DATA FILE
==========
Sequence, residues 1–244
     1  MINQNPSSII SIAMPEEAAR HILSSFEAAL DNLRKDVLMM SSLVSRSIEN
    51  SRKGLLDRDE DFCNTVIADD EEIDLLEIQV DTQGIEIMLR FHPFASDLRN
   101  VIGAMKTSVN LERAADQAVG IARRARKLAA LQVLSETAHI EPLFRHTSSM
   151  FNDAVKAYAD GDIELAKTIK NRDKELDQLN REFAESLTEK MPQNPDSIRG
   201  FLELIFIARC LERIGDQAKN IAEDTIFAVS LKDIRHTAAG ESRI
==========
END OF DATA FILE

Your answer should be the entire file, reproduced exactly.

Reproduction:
Sequence, residues 1–244
     1  MINQNPSSII SIAMPEEAAR HILSSFEAAL DNLRKDVLMM SSLVSRSIEN
    51  SRKGLLDRDE DFCNTVIADD EEIDLLEIQV DTQGIEIMLR FHPFASDLRN
   101  VIGAMKTSVN LERAADQAVG IARRARKLAA LQVLSETAHI EPLFRHTSSM
   151  FNDAVKAYAD GDIELAKTIK NRDKELDQLN REFAESLTEK MPQNPDSIRG
   201  FLELIFIARC LERIGDQAKN IAEDTIFAVS LKDIRHTAAG ESRI